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Pick of the Week

Killer Joe (Lionsgate) — As I get older with each passing year, I’ve begun to process the world—and, by extension, cinema—in a different light. While I’m not turning into an outright prude, I am becoming much less tolerant of art and entertainment that takes a condescending and contemptible attitude towards humanity. On an ethical, theoretical level, there’s no denying that the way to best appreciate and enjoy a movie like Killer Joe is to look down upon and get a hilarious kick out of all the underprivileged, uneducated, bad-decision-making redneck idiocy on display. Shocking violence and rampant stupidity? No thanks. But not so fast. In the case of William Friedkin’s second feature film collaboration with playwright/screenwriter Tracy Letts (the first was Bug), the complicated-to-swallow truth is that it is so well acted and spins into such outlandish directions that ethics be damned. As much as I want to say that I don’t approve of Killer Joe, I can’t do that. This movie is one seriously gonzo romp. Read my HTN review, then buy the Unrated Director’s Cut on DVD and Blu-ray.


Sleepwalk With Me (MPI Home Video) — Read A Conversation With Mike Birbiglia and Jacob Jaffke. Available on DVD, Blu-ray, and at Amazon Instant.

Jason Becker: Not Dead Yet (Kino Lorber) — The tragedy and triumph of Jason Becker’s life is the subject of a new documentary by first-time filmmaker Jesse Vile. Jason Becker: Not Yet Dead is as head banging as it is heart wrenching. The film is remarkable, accomplishing what many music docs strive for and frequently fail to achieve—namely, it reaches beyond the immediate fans and touches anyone who is willing to watch and, especially, listen. Its power lies in its simplicity and sincerity: Becker’s is a great, naturally compelling life, and Vile skillfully captures both the human and musical sides of his story. Read Cullen Gallagher’s HTN review. Available on DVD.

Gandu (Artsploitation Films) — Inspired by both the visual energy of Gaspar Noe and the sexual energy of Lars von Trier’s The Idiots, Gandu displays a visual and aural energy that is rarely seen in indie film. Read Mike S. Ryan’s HTN review. Available on DVD.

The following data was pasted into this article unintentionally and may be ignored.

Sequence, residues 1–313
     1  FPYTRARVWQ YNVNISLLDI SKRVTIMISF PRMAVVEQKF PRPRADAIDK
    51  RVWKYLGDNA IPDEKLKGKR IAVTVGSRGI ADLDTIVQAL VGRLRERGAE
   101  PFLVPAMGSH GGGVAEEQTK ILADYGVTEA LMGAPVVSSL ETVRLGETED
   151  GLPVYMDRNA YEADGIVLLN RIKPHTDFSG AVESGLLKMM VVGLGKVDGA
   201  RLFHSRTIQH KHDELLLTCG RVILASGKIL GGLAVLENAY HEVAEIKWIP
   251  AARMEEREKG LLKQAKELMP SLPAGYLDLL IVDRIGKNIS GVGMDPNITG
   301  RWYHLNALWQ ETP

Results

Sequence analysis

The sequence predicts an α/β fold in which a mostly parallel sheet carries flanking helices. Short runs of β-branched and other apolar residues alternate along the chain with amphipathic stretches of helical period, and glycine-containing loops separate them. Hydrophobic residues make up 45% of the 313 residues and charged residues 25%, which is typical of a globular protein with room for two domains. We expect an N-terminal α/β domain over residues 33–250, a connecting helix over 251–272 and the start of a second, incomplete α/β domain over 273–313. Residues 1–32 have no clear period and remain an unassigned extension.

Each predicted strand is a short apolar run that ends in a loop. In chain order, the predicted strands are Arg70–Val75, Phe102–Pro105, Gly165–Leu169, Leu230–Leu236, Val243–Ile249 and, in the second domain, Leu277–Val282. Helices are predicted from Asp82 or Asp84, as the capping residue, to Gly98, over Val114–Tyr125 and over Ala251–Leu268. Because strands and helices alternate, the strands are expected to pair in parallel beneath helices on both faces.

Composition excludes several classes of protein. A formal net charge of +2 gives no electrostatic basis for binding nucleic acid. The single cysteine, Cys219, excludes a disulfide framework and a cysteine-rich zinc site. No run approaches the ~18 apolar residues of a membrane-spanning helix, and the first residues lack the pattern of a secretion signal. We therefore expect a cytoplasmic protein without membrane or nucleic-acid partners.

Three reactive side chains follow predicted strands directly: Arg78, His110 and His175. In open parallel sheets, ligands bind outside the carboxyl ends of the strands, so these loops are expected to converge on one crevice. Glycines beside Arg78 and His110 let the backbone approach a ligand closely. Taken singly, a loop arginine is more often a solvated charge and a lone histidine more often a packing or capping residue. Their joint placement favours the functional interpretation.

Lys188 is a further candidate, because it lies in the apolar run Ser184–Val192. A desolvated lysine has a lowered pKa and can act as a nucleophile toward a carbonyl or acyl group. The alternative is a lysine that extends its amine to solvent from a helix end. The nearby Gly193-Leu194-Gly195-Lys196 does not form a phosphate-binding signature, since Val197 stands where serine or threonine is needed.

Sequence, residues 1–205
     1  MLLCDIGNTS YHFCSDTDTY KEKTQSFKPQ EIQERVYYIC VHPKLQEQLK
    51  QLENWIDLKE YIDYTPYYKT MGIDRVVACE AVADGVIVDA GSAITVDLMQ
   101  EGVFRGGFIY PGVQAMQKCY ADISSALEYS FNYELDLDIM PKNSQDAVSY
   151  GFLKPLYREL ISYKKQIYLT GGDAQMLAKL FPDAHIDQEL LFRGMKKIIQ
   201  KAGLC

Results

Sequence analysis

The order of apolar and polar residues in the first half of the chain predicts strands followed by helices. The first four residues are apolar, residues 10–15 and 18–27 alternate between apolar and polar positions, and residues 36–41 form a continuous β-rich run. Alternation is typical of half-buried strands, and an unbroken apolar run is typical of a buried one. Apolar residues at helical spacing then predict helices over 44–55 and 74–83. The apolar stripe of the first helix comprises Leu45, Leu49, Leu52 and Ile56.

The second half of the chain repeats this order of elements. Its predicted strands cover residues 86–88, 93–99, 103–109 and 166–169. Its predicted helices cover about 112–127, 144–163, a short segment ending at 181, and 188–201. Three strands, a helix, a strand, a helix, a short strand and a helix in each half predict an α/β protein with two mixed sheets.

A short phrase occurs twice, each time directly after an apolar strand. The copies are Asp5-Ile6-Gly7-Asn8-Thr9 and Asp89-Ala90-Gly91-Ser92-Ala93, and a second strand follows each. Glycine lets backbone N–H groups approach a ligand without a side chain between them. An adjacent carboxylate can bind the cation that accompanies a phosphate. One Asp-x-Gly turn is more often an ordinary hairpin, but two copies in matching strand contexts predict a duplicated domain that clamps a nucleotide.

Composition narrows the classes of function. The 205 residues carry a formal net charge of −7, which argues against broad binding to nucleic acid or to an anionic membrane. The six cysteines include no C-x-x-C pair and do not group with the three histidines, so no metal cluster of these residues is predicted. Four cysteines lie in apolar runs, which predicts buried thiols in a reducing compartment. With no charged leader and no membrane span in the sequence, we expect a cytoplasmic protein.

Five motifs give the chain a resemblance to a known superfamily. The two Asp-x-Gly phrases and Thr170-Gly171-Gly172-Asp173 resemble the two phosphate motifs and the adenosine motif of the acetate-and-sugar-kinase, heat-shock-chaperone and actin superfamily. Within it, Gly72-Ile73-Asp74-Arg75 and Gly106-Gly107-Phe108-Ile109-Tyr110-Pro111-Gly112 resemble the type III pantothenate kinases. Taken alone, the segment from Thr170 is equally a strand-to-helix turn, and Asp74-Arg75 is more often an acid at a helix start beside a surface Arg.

New/Old to DVD/Blu-ray

Our Beloved Month of August (Cinema Guild) — Available on DVD.

Sokurov: Early Masterworks (Cinema Guild) — Includes the films Whispering Pages, Stone, Save and Protect. Available in a Blu-ray/DVD mish-mash package.

Have Not Seen Yet But Really/Kinda/Sorta/Maybe Wanna

Arbitrage (Lionsgate) — Available on DVD, Blu-ray, and at Amazon Instant.

Premium Rush (Sony) — Available on DVD + UltraViolet Digital Copy, Blu-ray + UltraViolet Digital Copy, and at Amazon Instant.

Pitch Perfect (Universal) — Available on DVD, 2-Disc Combo Pack: Blu-ray + DVD + Digital Copy + UltraViolet, and at Amazon Instant.

Red Hook Summer (Image Entertainment) — Available on DVD, Blu-ray, and at Amazon Instant.

The Well-Digger’s Daughter (Kino Lorber) — Available on DVD and Blu-ray.

Trouble With The Curve (Warner) — Available on DVD + Ultraviolet Digital Copy, Blu-ray + UltraViolet Digital Copy, Blu-ray + DVD + Ultraviolet Digital Copy Combo Pack, and at Amazon Instant.

The Words (Sony) — Available on DVD and Blu-ray.

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Michael Tully was born and raised in Maryland and now lives on Tennis Court in Brooklyn. His most recent narrative feature, Septien, world-premiered at the 2011 Sundance Film Festival and was picked up for distribution by Sundance Selects. In addition to directing Cocaine Angel (2006) and Silver Jew (2007), he is also a proud alumni of Filmmaker Magazine's annual "25 New Faces of Independent Film" club (2006). Visit his indieWIRE blog Boredom at its Boredest——for more sporadic personal updates.

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